Pretty big. But in Season Two, we see that that can’t be Robb’s driving force. He’s smart enough to not let that take over, because it can’t be that. But his mother’s very much in the terms of, “Let’s get the girls back and let’s get reunited as a family,” but Robb’s in a place now where he goes, “Hang on. I’ve got 20,000 men behind me and they’ve all got wives and sons and daughters and fathers and mothers and I can’t hold my family in a higher regard than I hold their family. They’ve pledged their loyalty and they’re following me.” I think Catelyn really struggles to deal with that, because her priority, her heart, still lies with them, but I’m now in position where I can’t afford to let that be my priority. It’s part of it, but it’s on an equal par with the men he’s fighting with, is getting his family back, is getting them back to their families.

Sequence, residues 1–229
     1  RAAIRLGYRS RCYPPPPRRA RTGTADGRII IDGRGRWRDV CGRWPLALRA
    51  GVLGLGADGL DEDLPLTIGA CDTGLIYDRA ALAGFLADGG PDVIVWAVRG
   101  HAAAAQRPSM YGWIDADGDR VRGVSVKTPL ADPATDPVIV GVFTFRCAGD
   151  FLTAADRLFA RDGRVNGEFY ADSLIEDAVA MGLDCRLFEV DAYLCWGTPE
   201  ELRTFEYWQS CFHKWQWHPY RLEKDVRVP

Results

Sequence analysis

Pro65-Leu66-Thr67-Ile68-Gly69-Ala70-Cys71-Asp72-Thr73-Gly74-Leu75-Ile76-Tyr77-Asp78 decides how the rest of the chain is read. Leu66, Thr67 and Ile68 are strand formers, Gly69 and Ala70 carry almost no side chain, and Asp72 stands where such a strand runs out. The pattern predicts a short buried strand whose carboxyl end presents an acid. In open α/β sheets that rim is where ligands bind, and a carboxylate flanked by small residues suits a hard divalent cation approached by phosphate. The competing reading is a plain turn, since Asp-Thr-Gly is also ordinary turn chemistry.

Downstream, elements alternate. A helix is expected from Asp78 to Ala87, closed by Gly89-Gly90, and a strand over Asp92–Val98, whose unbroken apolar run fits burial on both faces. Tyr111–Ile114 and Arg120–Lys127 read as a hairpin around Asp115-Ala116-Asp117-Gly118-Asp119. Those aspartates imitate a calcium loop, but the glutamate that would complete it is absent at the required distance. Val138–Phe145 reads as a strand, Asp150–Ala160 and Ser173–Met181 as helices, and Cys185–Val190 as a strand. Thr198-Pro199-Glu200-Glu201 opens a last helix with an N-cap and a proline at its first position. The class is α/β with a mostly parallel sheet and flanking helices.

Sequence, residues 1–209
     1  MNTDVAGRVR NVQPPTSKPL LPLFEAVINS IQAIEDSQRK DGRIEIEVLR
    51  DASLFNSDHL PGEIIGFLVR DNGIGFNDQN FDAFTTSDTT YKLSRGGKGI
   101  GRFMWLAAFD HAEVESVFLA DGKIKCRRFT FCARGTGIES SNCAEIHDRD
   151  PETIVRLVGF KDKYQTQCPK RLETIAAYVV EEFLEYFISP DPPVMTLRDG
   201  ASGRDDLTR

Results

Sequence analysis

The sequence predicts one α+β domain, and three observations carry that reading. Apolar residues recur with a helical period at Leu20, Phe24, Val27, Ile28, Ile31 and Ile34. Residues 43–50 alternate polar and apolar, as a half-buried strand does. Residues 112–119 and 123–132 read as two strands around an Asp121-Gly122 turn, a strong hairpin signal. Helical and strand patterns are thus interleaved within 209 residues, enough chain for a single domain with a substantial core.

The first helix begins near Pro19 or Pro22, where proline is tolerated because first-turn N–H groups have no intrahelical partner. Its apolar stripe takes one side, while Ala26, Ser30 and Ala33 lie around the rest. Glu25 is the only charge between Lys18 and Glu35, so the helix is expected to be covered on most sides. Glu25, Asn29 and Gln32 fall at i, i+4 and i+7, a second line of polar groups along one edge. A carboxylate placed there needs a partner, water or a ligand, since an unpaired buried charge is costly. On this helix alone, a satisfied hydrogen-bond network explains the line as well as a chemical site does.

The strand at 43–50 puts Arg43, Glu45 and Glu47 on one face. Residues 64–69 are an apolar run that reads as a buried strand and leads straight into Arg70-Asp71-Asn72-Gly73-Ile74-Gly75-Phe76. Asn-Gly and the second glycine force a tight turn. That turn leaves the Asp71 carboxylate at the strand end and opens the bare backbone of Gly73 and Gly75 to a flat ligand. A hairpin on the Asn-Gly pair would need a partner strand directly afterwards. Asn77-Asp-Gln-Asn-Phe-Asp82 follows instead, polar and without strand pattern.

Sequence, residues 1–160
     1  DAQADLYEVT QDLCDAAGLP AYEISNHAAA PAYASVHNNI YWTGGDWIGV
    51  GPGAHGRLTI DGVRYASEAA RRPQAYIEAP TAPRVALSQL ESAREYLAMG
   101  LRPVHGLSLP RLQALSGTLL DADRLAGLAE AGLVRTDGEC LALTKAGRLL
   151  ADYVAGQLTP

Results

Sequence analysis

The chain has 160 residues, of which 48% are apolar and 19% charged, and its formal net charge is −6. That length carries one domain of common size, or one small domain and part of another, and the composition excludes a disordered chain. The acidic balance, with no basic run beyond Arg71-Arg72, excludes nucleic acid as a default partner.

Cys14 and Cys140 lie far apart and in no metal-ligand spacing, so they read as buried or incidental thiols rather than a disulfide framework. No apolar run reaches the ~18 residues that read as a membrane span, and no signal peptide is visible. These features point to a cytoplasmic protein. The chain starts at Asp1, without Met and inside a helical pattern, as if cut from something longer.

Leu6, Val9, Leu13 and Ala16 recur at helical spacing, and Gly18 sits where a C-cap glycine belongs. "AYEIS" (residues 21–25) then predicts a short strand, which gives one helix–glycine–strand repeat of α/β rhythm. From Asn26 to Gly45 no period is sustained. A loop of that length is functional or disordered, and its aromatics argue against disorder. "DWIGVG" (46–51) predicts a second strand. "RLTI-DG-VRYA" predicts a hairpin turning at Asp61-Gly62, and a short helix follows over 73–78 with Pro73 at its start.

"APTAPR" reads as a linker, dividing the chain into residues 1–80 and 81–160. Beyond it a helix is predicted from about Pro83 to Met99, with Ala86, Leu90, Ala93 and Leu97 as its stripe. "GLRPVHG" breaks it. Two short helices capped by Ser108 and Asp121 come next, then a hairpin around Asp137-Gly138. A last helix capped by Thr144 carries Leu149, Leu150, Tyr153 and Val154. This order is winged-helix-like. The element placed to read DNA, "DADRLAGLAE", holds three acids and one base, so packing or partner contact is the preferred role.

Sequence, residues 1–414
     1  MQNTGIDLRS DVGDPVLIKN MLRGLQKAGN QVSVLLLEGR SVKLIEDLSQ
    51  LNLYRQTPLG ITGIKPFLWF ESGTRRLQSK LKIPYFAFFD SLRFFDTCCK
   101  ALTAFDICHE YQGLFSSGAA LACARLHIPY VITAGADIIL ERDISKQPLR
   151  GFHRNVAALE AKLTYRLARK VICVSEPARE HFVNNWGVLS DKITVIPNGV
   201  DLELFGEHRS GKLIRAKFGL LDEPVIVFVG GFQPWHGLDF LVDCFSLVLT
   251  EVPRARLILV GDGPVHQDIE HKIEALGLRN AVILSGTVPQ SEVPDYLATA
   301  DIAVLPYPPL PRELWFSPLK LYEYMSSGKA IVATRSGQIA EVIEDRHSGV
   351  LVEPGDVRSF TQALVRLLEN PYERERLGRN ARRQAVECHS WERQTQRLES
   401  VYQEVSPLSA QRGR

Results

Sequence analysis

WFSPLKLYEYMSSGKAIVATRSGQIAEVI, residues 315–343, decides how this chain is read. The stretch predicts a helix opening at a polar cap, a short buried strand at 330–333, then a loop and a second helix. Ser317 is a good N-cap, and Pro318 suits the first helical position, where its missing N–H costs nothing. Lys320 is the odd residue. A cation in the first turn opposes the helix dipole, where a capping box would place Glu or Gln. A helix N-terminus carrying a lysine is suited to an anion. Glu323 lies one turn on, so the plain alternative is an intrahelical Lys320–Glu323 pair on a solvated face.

So you’re thinking that maybe at the end of last season Robb didn’t have a sense of what it meant to be a king, but now…

RNow he’s becoming much more his own man and realizing this responsibility. We leave the end of Season One and he’s proven himself in battle and in lots of different ways that he is a leader and he is a man, even though he’s still boyish at heart. We go into Season Two now and he’s running with that. Season One he’s reacting and he’s being pushed and pulled and having to react to things, but in Season Two, he’s the one pushing and he’s the one pulling and he’s the one forcing other people to react. He’s on the front-foot now and he’s really driving that.

We hear a lot about Robb winning these battles, but for the most part, we haven’t seen any of it. Do you miss that, as an actor? Would you like to show that action/aggressive side of Robb?